As the COVID-19 outbreak morphed into a pandemic and fear, misinformation, and stigmatization follow closely in its wake, it can be difficult to remember a time 40 years ago when the AIDS epidemic began and those same forces traumatized a community already reeling from the tragic deaths of so many of its members. However, for students who took the University of Wisconsin–Madison’s Interprofessional Collaborative Practice (ICP) in HIV Care course this spring, the current public health crisis provided a unique lens with which to approach their training.
Through a regional HIV Interprofessional Education collaborative, the Midwest AIDS Training and Education Center (MATEC)—with leadership from medical director James Sosman, MD, professor (CHS), Divisions of Infectious Disease and General Internal Medicine—has developed team-based training programs, including the ICP in HIV Care course, to prepare health professions students to optimize care and outcomes for persons living with HIV/AIDS.
The course is offered through the School of Pharmacy and in collaboration with MATEC and the Schools of Medicine and Public Health (SMPH), Nursing and Social Work. It’s taught by University of Wisconsin expert faculty and gives medical, nursing, pharmacy and social work students an opportunity to share knowledge and learn the latest in team-based HIV care strategies.
The curriculum includes the history of the HIV epidemic; HIV epidemiology, including populations disproportionately impacted by HIV; principles of HIV prevention, diagnosis and treatment; and principles of interprofessional practice.
“Taking this course against the backdrop of the COVID-19 pandemic has encouraged me to assess its overlap with the HIV/AIDS epidemic regarding government response, prevention strategies, stigmatization, and efforts to construct effective therapies,” says Terik Terrell, an SMPH student who recently completed the course. “Robust discussion around these topics is essential to driving healthcare forward and ICP in HIV is an excellent platform to become part of the conversation!”
Dr. Sosman, who also serves as the medical director for the UW Health HIV Care & Prevention Program, has been involved in the course since its inception. In his role as MATEC-WI’s Medical Director, he provides overall program leadership, provides training and clinical consultation, and oversees any intensive clinical training for clinicians.
“Students gained an understanding that they will not work alone as a clinician,” he reflects. “HIV care has been a leader in promoting team-based care for decades. Examples of this care, both observed and discussed in this class, have relevance to our students regardless of their future clinical focus or specialty.”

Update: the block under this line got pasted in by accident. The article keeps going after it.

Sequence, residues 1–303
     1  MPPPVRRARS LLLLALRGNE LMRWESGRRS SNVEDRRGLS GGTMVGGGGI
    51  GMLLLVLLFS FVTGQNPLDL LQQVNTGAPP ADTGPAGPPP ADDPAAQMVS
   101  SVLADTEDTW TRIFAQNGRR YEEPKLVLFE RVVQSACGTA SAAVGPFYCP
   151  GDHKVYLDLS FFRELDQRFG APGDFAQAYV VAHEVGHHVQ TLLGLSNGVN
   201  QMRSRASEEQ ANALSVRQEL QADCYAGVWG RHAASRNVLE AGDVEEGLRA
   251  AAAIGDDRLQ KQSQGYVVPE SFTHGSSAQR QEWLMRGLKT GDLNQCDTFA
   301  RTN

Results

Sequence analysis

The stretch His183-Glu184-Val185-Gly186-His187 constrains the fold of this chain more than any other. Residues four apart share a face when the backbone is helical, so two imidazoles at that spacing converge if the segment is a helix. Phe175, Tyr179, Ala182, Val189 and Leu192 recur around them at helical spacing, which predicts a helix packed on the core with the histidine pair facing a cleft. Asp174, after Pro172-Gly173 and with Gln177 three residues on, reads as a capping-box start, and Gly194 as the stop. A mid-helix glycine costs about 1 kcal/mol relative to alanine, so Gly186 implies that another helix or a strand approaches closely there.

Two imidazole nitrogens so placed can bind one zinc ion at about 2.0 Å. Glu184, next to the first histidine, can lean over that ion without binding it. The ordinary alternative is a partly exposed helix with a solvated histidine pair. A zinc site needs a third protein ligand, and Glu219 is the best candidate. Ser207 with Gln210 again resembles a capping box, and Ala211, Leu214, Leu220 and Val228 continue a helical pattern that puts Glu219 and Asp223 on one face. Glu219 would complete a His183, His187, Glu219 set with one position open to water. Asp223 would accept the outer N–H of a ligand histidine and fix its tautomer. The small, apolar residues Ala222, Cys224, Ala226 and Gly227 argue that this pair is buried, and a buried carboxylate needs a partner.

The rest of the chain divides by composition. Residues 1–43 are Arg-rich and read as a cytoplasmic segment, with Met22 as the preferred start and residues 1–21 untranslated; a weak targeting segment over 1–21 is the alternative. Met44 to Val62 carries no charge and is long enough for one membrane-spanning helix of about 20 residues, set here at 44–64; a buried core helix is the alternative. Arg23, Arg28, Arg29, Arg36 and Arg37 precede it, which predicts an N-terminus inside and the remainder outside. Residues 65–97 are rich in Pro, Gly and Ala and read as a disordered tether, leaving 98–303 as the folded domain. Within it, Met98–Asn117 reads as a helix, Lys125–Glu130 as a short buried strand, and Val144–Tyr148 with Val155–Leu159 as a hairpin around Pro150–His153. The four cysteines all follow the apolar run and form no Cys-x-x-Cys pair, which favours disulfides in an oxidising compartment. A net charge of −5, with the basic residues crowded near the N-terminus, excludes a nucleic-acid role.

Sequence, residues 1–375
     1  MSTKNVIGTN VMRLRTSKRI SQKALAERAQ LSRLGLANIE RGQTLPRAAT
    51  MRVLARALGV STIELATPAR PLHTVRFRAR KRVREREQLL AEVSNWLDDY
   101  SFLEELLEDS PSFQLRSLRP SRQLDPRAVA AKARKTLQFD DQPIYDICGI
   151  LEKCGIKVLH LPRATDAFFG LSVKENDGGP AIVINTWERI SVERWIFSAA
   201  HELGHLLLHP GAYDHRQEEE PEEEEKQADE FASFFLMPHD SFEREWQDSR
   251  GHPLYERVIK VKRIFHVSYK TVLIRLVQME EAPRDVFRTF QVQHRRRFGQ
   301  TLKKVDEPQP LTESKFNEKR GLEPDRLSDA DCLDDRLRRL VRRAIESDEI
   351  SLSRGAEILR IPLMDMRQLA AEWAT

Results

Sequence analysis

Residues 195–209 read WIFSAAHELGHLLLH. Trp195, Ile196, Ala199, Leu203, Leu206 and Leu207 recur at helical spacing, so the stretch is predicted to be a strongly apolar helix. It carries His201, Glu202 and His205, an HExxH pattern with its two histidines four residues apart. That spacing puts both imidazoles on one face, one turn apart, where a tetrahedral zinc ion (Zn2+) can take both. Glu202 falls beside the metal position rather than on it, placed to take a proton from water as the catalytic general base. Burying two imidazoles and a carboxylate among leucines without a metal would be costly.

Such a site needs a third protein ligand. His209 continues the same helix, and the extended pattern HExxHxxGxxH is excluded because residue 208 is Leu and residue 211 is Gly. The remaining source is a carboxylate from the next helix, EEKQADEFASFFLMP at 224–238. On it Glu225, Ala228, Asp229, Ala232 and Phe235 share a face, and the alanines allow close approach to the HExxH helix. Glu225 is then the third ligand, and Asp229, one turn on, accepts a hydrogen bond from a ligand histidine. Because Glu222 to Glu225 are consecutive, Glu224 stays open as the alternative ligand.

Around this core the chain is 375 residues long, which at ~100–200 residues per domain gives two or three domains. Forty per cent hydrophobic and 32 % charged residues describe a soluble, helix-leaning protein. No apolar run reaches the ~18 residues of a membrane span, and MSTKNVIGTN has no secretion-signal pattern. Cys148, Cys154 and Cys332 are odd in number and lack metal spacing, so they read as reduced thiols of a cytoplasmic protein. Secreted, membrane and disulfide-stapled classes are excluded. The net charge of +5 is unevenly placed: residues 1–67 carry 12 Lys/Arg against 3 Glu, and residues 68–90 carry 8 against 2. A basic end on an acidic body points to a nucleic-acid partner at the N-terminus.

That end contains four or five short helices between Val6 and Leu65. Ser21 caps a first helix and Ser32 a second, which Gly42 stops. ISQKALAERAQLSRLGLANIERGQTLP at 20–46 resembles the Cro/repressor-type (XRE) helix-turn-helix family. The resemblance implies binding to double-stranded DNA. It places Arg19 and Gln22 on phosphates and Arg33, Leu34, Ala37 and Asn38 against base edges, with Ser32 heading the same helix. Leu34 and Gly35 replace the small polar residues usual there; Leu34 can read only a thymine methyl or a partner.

“The pandemic provided a rare opportunity to describe in real time how our understanding of COVID-19 was rapidly expanding and how almost every aspect of clinical care was changing in response,” he continues. “We were able to draw many parallels to the early days of the HIV epidemic and the present COVID pandemic, and connect it with the existing curriculum. Students were eager to understand this, especially as some were graduating and starting new professional careers where they would immediately face these clinical challenges.”
Susan Barnett, PharmD, associate professor (CHS) and co-director of interprofessional education, School of Pharmacy, leads the course. Dr. Barnett explains, “What makes this such a unique and amazing experience collaborating during a course is that all faculty acknowledge their own limitations and champion colleagues who bring different perspectives. Faculty model behavior from the beginning and the students really respond to that.”
UW piloted its course with 12 students in 2017 and has since expanded to 24 students. Zachary J. Smith, a senior nursing student who also recently completed the course, praises the collaborative nature. “Time spent with interprofessional colleagues elevated my understanding and admiration for the varying perspectives brought into the health care field, which came out an extended conversation about HIV as a concept, disease, and lived experience,” he says.
In addition to being an enriching learning experience for students interested in HIV care and other health-related fields, the course also offers needed insight into the barriers and challenges HIV patients face and promotes a better understanding of the health and government policies that impact HIV care.
Banner photo: File photo of health professions students participating in a 2018 Interprofessional Collaborative Practice (ICP) in HIV Care course.